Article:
What do you do? I’m a principal with The Diversified Services Group Inc., a consulting and research firm focused on the financial services industry that was established in 1989. I am involved in the retirement market segment. When I joined the practice in 1996, we wanted to find a niche that was not yet a focal point for the industry. We concluded that the retirement income market was overlooked, and I focused on that. In 1997, we launched a syndicated research initiative on attitudes and perceptions about retirement income. We’ve also concluded a number of proprietary research and consulting engagements for clients on the retirement income opportunity. In 2003, we started the Retirement Management Executive Forum, or RMEF.
Who are your clients? DSG’s clients are banks, insurance companies, broker-dealers, and asset management firms. The RMEF provides a platform where representatives of our 33 member firms can meet and discuss retirement income issues. The forum meets twice a year, with about 45 people at each meeting. They tend to be executives charged with developing, implementing, and managing their firms’ retirement distribution and income market strategies. The representative may manage the business overall, or a product line specific to retirement income. Although we sometimes look at the institutional side of the retirement business, we pay more attention to the retail consumer market.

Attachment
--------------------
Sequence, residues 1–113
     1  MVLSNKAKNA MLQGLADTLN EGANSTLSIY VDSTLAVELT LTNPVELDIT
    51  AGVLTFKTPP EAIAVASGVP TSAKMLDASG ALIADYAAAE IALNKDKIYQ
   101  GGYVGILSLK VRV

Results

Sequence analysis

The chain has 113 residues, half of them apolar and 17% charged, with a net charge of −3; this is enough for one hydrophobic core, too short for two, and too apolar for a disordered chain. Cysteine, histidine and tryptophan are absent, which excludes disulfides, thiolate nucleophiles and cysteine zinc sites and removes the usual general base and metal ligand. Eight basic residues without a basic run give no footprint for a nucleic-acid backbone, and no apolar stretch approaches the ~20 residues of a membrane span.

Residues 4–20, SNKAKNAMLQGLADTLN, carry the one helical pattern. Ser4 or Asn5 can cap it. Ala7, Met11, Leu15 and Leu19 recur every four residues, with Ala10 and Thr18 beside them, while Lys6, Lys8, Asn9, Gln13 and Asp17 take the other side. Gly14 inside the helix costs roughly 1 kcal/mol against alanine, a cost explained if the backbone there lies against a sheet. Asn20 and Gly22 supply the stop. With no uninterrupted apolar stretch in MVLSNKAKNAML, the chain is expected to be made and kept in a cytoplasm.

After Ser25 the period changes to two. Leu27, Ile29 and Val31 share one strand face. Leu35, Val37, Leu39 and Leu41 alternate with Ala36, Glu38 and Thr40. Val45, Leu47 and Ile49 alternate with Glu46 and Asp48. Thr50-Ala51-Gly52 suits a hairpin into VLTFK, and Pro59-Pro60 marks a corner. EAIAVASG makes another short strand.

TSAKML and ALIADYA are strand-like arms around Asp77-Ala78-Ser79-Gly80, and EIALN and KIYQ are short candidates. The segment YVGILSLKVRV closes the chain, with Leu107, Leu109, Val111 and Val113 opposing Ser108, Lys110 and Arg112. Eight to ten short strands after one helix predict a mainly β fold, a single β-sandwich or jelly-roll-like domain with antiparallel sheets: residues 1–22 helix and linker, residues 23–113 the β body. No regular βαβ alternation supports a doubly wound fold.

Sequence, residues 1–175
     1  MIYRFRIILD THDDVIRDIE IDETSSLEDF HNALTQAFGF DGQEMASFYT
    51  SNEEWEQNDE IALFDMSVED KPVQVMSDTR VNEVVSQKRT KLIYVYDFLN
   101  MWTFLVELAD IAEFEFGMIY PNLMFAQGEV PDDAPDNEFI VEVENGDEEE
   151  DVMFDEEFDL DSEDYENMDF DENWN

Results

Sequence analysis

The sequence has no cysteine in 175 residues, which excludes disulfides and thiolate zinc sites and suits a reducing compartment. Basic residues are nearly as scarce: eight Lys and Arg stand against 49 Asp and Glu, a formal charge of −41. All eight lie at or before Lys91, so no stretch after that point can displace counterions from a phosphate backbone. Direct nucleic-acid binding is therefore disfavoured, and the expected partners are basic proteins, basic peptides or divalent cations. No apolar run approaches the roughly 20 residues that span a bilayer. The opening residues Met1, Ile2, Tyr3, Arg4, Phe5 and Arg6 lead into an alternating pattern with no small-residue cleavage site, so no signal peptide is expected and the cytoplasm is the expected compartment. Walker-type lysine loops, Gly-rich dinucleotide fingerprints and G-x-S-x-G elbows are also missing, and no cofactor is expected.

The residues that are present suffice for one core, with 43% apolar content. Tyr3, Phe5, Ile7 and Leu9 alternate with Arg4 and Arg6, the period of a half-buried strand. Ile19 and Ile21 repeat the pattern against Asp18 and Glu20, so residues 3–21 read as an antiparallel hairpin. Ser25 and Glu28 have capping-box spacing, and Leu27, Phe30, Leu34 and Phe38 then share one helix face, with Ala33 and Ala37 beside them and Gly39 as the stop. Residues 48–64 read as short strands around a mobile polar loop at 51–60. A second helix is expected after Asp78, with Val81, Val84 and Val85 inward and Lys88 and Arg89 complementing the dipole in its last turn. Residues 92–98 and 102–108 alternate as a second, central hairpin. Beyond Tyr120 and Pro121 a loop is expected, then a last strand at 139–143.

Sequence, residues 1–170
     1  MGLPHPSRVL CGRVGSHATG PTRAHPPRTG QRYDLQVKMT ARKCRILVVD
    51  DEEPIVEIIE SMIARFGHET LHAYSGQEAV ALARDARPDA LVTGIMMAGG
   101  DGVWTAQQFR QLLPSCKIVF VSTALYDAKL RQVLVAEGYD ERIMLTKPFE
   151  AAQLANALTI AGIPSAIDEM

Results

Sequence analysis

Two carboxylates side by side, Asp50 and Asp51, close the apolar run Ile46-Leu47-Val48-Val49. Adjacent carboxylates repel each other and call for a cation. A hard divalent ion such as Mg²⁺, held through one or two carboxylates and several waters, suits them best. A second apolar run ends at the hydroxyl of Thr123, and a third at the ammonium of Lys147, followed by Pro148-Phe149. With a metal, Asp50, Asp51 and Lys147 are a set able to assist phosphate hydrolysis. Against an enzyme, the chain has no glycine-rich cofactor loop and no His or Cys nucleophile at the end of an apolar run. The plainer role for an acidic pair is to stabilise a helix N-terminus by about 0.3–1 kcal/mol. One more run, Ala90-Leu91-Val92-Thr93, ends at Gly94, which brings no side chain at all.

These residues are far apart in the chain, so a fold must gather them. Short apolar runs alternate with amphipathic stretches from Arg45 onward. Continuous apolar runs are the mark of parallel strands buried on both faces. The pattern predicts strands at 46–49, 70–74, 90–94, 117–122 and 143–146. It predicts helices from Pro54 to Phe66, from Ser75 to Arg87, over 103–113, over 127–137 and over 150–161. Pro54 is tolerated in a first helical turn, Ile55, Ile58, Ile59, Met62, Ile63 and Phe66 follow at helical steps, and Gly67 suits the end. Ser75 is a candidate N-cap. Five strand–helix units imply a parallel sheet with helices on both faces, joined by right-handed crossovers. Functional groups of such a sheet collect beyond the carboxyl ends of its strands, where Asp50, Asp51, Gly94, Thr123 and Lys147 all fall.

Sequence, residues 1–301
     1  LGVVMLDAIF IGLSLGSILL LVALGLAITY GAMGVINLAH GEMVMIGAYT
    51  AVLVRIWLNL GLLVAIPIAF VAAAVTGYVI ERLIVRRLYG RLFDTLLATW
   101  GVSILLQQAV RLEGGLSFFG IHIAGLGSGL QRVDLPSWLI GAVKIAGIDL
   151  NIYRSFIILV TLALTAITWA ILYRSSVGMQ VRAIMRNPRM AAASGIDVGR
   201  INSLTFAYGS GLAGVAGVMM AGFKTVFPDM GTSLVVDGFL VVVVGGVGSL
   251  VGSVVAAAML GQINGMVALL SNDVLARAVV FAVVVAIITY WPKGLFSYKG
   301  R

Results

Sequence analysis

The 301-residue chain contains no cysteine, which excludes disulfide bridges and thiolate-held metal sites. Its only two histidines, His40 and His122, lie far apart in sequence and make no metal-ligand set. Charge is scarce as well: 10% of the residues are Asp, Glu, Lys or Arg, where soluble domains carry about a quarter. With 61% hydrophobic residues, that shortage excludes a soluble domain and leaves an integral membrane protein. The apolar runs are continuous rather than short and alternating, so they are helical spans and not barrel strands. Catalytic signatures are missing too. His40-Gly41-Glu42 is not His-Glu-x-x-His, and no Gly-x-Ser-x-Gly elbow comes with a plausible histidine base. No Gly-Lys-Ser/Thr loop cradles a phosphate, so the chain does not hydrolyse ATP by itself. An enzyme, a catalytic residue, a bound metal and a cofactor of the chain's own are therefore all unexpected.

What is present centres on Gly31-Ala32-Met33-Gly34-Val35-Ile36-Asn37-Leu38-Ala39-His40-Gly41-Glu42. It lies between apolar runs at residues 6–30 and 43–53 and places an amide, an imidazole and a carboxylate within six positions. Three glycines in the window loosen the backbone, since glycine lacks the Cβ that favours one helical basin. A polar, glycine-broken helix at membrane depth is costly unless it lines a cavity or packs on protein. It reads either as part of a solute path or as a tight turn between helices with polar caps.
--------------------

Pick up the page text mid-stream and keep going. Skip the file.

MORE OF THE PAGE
Why do they hire you? When it comes to retirement savings, the market for research and business strategy planning services is mature and the field is crowded. In retirement income, however, we were early entrants. With the RMEF, we simply want to provide a forum for structured and informative discussion about the retirement income market. We aren’t a lobbying organization, an educator or a vendor. We simply provide a forum where our clients can learn about the retirement income market and discuss the real challenges they face.
Where did you come from? Back in 1978, I started my career with a major insurance company. Initially responsible for the marketing and sale of qualified retirement plans in the Midwest, I moved to Philadelphia and eventually headed the firm’s pension, annuity, and mutual find sales. In 1994 I became the president of a regional trust company, managing the personal trust services business and the sale of financial products. After 18 years in the corporate world, I wanted to do a venture of my own and joined DSG. The firm has a bank services practice and retirement management market practice. I have four partners, all of whom come from management roles in the financial services industry, along with support staff and several strategic alliances.
What motivated you to go independent? There’s a point in corporate management life where form takes precedence over substance and one has less control over events. I decided I could have a greater impact if I was unencumbered by corporate constraints. Ownership in my own business was also a factor. I am one of five owners.
How do you get paid? The RMEF charges a nominal annual membership fee. For consulting and research, we get paid for our experience and the range of business planning and research services we provide. Client co-sponsorship fees cover our syndicated research projects. Rather than advertise the RMEF, we rely mostly on word-of-mouth and testimonials.
How do you feel about annuities? An annuity is simply a way for people to acquire their own individual pension. Unfortunately, they’re perceived negatively and they’re misunderstood. They’re tagged with labels like “use it or lose it,” “high costs,” and “annuicide,” most of which don’t apply to current versions of the product. Personally, I have owned and own annuities, principally for non-qualified tax deferred savings and to provide retirement income.
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